Attempted murderer has claims against lawyers struck out

Minter Ellison Rudd Watts and Paul Davison QC successfully defend lawsuit from former property executive.  

Claims by a businessman convicted of attempted murder that his lawyers were fraudulent, negligent and defamatory have been struck out by the High Court.

Martin Lyttelton, former managing director of Calan Healthcare Property Trust, pleaded guilty to attempted murder, grievous bodily harm and aggravated burglary in 2009 and was jailed for five years 11 months.

He was released on parole in May 2011.

After an appeal, a retrial was ordered in 2014 and Mr Lyttelton was again convicted on all charges in March last year. The second time around he was sentenced to seven years' jail.

On March 30 last year Mr Lyttelton filed claims against his trial counsel Paul Davison, QC, solicitor Cathy Quinn and law firm Minter Ellison Rudd Watts, making various allegations they had defamed him, defrauded him, were negligent in his defence and breached their fiduciary duty to him.

The defendants filed an application to strike out all the claims and in a ruling delivered this week Justice Gerald Nation found it would be an abuse of process to allow Mr Lyttelton to continue the proceedings.

The claims were struck out and costs awarded to the defendants.

The judgment from Justice Nation begins with an account of the events leading to Mr Lyttelton’s conviction.

“On 8 April 2008, the plaintiff, Mr Lyttelton, drove to the residence of his former business partner, Mr Ord, armed with a knife, shotgun and cartridges. He fired the shotgun through the door, severely injuring Mr Ord’s partner who was holding the door on the other side trying to prevent his entry. In an ensuing struggle with Mr Ord, Mr Lyttelton fired a second shot and attempted to stab Mr Ord in the stomach area on three or four occasions. Mr Ord suffered a number of cuts to his hands.”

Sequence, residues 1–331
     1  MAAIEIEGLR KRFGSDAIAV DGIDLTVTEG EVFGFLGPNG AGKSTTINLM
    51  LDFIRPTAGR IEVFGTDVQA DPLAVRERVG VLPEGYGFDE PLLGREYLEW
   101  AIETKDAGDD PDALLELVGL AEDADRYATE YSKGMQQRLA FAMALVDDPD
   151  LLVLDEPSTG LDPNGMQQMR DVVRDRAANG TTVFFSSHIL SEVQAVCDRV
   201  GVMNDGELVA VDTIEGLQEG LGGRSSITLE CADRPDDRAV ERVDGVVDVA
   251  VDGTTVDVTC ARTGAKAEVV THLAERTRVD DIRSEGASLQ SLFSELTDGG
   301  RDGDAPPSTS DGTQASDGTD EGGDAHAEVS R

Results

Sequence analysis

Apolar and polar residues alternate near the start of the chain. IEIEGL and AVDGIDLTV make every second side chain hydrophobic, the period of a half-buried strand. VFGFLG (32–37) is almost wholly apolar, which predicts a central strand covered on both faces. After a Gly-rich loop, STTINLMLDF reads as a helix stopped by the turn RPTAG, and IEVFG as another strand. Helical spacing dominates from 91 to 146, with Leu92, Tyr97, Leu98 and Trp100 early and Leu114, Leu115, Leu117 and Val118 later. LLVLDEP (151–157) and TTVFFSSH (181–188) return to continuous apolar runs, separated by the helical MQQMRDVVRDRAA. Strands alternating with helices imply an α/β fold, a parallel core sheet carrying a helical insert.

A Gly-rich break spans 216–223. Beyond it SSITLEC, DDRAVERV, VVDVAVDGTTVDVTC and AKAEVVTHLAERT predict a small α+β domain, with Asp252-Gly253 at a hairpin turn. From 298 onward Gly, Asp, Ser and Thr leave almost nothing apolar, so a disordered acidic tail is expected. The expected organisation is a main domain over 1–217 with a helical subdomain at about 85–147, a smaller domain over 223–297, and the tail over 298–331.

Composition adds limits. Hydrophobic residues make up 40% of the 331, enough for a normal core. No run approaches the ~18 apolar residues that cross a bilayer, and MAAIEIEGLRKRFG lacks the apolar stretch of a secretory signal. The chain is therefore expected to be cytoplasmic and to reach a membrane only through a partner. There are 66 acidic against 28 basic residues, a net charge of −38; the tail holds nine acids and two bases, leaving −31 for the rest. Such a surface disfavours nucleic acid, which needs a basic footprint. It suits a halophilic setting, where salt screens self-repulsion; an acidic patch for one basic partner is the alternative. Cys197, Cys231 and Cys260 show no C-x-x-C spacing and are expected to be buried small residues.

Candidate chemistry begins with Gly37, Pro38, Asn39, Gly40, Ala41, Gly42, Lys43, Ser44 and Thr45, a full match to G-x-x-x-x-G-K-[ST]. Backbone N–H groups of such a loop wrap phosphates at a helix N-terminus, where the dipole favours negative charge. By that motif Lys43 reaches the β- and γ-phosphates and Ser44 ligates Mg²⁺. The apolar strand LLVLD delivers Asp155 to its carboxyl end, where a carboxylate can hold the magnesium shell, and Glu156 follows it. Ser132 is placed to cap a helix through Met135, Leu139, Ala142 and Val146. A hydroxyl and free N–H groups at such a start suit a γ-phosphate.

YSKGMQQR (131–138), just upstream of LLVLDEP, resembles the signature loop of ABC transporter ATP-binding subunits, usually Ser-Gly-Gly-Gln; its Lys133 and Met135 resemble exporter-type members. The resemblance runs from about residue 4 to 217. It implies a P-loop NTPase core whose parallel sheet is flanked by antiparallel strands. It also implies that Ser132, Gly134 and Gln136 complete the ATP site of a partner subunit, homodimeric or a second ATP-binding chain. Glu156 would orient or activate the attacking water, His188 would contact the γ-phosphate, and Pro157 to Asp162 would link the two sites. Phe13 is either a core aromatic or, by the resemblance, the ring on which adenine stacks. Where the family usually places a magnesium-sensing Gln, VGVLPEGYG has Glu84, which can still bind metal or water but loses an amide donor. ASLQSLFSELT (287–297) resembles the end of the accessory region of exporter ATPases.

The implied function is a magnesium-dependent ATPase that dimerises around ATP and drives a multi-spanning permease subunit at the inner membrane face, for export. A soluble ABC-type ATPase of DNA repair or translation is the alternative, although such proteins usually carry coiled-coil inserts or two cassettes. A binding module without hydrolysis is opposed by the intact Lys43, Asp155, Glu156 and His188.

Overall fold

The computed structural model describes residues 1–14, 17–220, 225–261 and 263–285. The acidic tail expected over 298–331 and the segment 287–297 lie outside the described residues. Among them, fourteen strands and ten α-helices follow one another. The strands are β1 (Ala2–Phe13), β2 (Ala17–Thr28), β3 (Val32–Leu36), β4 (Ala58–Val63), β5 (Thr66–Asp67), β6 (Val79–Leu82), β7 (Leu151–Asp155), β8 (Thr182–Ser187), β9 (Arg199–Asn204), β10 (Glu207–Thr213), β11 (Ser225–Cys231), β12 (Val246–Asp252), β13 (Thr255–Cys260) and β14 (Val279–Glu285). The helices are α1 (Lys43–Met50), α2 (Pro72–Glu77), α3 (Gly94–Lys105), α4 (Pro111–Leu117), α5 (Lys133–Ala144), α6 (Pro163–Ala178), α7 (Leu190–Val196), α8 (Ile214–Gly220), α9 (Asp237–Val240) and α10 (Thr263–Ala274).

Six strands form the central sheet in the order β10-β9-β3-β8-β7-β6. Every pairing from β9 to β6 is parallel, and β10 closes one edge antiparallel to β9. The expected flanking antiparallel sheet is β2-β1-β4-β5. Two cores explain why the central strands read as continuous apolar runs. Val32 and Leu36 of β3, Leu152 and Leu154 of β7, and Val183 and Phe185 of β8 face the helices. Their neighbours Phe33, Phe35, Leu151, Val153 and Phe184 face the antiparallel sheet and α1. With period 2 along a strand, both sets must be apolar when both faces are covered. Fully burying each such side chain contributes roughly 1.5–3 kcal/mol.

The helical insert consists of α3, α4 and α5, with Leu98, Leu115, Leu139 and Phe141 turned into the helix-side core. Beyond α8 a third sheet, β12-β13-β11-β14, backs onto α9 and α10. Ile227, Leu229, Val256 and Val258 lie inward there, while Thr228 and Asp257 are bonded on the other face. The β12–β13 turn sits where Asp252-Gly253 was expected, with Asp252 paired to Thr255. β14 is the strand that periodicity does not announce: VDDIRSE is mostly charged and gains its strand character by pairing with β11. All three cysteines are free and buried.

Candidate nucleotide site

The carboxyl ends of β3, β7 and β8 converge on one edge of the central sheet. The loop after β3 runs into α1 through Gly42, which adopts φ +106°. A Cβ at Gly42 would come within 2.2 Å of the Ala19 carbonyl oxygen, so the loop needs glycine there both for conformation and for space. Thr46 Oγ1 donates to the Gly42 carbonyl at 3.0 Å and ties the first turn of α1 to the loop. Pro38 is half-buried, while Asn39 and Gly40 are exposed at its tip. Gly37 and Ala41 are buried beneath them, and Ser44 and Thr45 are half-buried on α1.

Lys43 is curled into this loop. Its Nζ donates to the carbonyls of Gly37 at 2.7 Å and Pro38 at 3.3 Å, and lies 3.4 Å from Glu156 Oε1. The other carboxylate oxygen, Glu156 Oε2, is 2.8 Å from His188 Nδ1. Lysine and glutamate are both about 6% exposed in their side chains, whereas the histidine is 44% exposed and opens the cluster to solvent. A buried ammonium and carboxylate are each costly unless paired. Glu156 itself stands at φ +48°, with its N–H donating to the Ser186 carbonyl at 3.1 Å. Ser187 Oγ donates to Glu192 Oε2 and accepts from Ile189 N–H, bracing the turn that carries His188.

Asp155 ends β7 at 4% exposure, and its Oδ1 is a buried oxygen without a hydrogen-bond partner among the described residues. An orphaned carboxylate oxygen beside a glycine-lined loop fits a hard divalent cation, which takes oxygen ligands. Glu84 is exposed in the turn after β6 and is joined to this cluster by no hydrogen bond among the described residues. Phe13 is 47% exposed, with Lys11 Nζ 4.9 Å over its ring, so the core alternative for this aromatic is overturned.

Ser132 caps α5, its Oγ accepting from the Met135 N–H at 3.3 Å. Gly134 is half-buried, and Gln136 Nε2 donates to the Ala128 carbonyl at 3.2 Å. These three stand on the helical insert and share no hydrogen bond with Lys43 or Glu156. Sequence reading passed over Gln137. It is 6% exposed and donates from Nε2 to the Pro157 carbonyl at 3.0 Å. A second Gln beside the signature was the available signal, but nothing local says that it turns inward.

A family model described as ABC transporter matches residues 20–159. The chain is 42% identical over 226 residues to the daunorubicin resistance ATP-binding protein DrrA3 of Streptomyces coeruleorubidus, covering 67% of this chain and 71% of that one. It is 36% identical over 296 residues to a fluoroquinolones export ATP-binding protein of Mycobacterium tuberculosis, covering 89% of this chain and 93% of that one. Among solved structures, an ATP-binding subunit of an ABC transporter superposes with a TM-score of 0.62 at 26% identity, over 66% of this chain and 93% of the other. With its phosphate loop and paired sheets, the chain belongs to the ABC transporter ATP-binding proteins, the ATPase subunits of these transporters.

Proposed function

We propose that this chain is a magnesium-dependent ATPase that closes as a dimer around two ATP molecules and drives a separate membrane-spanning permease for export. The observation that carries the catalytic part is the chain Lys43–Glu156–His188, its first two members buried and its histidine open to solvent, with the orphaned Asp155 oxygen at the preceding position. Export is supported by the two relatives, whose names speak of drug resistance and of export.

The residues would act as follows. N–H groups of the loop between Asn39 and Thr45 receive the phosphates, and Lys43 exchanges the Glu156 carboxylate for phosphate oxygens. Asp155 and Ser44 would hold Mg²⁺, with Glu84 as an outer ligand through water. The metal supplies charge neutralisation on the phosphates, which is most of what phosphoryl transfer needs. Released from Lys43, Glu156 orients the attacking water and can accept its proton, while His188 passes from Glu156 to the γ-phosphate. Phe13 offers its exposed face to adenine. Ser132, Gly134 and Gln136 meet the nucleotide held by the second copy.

According to earlier judgments, Mr Lyttelton had become obsessed by the dispute with Mr Ord and his mental state was unstable during 2007 and 2008 as a result of depression, exacerbated by alcohol and prescription drugs, including the sleeping pill Zopiclone.

Mr Lyttelton’s defamation claim arose from communication between Mr Davison and the Police in July 2012, when Mr Davison expressed concern about certain people’s safety arising from correspondence sent by Mr Lyttelton about his pending appeal.

The communication followed a meeting between Mr Davison and Mr Lyttelton’s wife, who had power of attorney for her husband, who wanted to ensure Mr Lyttelton did not “over-focus on all of this.”

Justice Nation said the defamation claim had no hope of success for several reasons – it was unspecified, it was time-barred, the defendants had a strong defence of qualified privilege and Mr Lyttelton’s reputation could not have been damaged by the communication.

Meanwhile, his claims of breach of fiduciary duty by Mr Davison and Minter Ellison “are so obviously without merit and of such a scandalous nature as to be an abuse of court proceedings.”

The judge said the claims of negligence, to the extent they were particularised, had already been considered and dismissed by the Appeal Court and were anyway out of time.

“It would be an abuse of the court process to allow Mr Lyttelton to re-litigate those same issues through civil proceedings.”

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